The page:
Note: With this component, there can (and likely will be) a delay between the rising edge of the input pulse and the rising edge of the output pulse, depending on the phase difference between the two clocks.

The quadrature decoder is a useful component when interfacing with incremental encoders. It accepts A, B and N (optional) channel quadrature inputs, and converts the pulses into a count. The count is configurable to be 8, 16 or 32-bit. You can select to to count on every pulse transistion for the highest resolution (4 per ‘pulse’), to just one per pulse. It also features glitch filters and a configurable interrupt source. The interrupt source does not have a compare feature, so one of the let-downs is that most of the processing of the count has to be done by software polling.

I have used this for controlling a BLDC motor that had an incremental encoder attached to it’s shaft at it worked perfectly! The picture below shows the component connected to the input pins of the incremental encoder. The N channel was not used as I did not want the count to be reset every cycle.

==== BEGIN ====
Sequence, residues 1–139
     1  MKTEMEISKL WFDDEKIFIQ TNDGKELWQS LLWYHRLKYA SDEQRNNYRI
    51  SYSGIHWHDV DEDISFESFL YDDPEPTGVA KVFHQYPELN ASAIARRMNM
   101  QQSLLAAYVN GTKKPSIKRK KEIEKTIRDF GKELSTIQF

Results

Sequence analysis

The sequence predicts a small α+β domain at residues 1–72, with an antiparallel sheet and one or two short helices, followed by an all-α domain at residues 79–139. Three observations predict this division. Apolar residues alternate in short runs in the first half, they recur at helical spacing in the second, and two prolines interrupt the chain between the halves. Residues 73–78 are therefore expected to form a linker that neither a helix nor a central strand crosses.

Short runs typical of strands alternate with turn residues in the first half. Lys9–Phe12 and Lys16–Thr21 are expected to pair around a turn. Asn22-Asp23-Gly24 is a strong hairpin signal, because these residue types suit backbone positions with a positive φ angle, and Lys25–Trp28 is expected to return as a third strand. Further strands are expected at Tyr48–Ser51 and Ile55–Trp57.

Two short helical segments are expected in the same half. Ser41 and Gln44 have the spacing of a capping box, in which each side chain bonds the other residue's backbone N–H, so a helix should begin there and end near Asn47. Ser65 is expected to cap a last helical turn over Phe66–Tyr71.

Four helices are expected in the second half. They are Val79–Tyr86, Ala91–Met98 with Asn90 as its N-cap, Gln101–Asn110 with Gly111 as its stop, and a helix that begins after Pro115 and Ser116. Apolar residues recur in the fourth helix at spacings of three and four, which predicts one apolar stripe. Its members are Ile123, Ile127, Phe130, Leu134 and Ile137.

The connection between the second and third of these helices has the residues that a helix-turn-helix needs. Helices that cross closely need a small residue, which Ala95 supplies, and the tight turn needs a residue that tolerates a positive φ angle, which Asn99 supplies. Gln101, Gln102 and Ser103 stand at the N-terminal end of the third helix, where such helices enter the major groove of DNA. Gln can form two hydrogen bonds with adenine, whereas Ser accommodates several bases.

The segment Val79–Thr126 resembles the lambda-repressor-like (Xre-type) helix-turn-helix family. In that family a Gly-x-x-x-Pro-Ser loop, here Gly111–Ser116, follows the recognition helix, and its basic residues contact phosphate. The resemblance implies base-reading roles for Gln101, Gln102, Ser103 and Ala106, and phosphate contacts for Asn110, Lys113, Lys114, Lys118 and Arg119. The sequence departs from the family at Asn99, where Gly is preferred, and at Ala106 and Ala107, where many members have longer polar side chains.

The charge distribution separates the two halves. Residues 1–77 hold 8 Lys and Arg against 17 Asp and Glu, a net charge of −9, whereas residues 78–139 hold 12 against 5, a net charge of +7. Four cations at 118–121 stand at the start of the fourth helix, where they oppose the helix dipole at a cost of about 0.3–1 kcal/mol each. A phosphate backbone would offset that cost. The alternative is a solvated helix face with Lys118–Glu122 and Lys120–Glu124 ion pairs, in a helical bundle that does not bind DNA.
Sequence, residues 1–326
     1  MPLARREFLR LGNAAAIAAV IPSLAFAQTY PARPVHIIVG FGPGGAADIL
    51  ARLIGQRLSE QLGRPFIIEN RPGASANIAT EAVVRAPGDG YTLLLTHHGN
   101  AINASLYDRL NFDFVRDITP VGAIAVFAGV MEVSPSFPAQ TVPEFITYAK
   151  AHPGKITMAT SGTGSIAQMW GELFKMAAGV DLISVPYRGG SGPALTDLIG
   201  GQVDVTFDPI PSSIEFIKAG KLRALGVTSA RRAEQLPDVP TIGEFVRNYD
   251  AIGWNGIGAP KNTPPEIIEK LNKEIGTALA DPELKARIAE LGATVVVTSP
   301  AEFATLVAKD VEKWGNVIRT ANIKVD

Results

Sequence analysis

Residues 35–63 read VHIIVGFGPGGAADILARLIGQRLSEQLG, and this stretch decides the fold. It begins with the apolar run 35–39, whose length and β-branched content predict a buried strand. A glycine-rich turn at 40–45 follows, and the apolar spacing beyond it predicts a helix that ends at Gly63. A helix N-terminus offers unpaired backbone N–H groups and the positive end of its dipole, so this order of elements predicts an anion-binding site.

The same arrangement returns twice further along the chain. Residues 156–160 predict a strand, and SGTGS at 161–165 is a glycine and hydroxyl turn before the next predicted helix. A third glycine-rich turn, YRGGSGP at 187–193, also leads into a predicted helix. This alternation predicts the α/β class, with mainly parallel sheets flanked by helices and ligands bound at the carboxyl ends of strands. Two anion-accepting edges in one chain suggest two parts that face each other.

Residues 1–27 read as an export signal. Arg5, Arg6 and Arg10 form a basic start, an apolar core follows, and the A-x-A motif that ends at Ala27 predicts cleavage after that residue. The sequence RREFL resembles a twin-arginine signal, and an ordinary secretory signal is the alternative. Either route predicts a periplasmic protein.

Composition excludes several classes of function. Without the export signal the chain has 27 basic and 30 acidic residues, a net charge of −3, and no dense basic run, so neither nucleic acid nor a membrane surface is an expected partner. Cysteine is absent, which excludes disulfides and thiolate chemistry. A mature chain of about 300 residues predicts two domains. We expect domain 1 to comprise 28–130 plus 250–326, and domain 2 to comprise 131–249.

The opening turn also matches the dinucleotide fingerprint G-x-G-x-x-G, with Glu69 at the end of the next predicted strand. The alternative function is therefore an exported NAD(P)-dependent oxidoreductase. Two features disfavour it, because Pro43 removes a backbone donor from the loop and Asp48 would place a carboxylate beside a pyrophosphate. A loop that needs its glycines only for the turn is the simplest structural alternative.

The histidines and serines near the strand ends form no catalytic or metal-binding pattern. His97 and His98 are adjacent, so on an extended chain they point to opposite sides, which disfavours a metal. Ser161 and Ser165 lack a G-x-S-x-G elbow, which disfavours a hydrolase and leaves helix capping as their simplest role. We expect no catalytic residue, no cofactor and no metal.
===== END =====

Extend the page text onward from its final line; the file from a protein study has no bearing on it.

# RTC

RTC clock functions are provided that perform some rather neat and advanced functions. The core capability of the RTC is to keep track of the time. However it also extends the time keeping function by keeping track of hours/days/weeks/year, allows alarms to be set (based of flexible criteria such as the 10th minute of every hour or a one-of set time), and can even accommodate for daylight saving!

The RTC code is supplied as component that you drop into the top level design in PSoC Creator.

# Serial Communication Block (SCB)

While the PSoC 3 and 5/5LP microcontollers have dedicated UART, I2C and SPI modules, in the PSoC 4 they are all bundled together in a Serial Communication Block (SCB).

The SCB can be either configured graphically at compile time or by using code at runtime to operate as a UART, I2C or SPI module.

# Timer